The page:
While the attack in no way compromised the sanctity of the vote — in other words, no ballots cast by bona fide NDP members were added, subtracted or changed — Scytl indicated in a statement Tuesday that the attack was an attempt to crash or slow down websites by "saturating servers with bogus external communications requests that deny legitimate users access" — otherwise known as a distributed denial of service attack.
And we know the attack by 10,000 computers "in no way compromised the sanctity of the vote" how, exactly? Well, because they say so, silly!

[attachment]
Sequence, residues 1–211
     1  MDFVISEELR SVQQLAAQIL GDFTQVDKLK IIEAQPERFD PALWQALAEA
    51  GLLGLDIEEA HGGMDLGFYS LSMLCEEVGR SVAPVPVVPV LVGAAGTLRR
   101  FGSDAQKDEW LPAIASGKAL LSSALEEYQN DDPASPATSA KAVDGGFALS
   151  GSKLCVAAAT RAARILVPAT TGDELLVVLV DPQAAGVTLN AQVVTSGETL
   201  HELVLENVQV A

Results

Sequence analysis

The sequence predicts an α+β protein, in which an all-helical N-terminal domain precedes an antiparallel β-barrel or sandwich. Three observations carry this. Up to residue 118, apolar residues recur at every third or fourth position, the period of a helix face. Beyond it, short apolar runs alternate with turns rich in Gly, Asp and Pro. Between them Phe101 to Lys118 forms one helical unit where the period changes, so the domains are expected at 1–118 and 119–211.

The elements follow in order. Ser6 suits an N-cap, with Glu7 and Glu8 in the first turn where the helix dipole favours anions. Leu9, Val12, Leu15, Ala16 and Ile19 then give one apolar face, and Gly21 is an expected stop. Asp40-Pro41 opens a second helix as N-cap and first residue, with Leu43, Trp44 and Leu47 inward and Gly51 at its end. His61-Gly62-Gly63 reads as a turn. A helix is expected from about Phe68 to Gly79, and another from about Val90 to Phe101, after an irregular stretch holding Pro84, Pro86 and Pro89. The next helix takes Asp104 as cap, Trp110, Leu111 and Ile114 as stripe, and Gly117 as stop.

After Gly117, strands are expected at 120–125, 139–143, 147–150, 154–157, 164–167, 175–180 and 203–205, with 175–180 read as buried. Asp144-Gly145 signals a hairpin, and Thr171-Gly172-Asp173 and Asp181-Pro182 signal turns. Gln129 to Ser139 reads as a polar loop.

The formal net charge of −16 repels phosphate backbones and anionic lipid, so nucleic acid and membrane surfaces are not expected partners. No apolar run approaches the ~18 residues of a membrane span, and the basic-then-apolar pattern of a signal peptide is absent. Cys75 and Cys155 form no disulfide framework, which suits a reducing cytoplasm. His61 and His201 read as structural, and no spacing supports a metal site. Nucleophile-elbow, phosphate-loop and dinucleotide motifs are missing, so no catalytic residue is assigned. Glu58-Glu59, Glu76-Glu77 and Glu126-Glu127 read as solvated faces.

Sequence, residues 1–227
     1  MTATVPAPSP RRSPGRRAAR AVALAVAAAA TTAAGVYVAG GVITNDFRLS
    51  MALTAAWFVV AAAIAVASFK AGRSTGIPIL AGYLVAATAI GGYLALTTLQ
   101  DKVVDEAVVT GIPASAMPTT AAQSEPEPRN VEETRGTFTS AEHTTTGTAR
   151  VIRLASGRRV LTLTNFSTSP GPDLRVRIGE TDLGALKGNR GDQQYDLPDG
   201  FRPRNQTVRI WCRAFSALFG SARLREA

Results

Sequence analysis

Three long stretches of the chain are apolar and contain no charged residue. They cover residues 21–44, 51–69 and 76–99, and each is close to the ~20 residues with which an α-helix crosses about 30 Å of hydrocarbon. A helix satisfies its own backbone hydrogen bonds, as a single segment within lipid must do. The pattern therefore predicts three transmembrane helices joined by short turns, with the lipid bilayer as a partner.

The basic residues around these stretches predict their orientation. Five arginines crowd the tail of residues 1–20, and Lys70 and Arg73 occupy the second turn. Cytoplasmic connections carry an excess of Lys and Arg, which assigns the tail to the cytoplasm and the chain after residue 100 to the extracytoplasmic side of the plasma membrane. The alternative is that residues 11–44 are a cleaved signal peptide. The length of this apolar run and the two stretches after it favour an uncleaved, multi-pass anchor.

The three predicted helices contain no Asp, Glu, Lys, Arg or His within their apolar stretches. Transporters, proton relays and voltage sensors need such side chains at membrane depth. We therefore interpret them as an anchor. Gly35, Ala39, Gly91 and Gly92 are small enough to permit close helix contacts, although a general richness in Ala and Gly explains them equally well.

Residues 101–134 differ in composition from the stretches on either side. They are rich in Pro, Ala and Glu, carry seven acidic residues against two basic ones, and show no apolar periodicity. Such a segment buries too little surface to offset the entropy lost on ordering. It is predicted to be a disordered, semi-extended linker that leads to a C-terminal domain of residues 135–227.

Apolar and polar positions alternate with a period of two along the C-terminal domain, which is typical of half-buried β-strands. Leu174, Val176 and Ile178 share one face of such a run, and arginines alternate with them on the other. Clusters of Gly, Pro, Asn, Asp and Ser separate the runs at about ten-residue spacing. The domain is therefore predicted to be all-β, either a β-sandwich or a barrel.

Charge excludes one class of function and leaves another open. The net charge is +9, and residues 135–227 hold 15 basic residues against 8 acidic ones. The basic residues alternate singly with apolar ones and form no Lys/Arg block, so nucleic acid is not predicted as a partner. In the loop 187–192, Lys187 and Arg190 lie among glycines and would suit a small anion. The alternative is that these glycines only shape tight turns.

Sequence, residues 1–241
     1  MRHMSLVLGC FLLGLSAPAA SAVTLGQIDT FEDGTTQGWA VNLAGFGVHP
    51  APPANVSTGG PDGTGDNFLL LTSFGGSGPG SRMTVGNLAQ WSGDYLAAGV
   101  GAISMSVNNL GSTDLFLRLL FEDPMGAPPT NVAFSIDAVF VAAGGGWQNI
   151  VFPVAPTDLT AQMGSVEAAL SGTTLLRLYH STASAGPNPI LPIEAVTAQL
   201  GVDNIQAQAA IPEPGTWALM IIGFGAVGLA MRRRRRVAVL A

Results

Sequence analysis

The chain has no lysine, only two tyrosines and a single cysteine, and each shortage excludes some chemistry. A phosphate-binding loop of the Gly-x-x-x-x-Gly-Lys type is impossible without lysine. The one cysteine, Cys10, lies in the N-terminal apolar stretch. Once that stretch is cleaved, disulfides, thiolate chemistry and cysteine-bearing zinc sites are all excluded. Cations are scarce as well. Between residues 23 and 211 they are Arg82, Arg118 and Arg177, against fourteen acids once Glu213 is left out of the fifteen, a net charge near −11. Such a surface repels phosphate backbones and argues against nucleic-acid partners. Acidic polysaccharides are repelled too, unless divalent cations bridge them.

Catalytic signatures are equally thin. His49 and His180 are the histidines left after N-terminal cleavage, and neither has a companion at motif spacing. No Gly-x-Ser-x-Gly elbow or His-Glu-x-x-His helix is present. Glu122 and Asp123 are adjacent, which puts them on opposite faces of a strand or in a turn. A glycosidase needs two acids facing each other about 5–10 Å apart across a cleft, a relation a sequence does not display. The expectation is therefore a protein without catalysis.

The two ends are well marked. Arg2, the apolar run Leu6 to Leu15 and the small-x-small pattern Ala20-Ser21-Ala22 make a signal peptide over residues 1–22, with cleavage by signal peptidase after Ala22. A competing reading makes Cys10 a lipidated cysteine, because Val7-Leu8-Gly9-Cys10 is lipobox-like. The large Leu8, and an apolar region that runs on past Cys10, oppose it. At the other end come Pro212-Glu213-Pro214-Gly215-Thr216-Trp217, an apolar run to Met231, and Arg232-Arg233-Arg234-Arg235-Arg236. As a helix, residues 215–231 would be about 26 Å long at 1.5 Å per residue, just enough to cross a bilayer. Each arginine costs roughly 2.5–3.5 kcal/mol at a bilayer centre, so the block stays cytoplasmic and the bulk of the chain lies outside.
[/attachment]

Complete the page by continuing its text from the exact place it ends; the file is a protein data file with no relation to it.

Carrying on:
We know Scytl's elections are secure because, as we noted in January when the Spanish-based company purchased S.O.E., the largest "election management company" in the U.S. (they do online results reporting, etc.), they told us so in their own press release announcing the acquisition. And they told us twice! They couldn't tell us they were secure unless they really were! Am I right, Sequoia Voting Systems?
The Gazette also goes on to note at the end of their coverage:
Oh, well, if officials insisted, then certainly they must be right about that.
"Democracy by Internet: What Could Possibly Go Wrong?" TM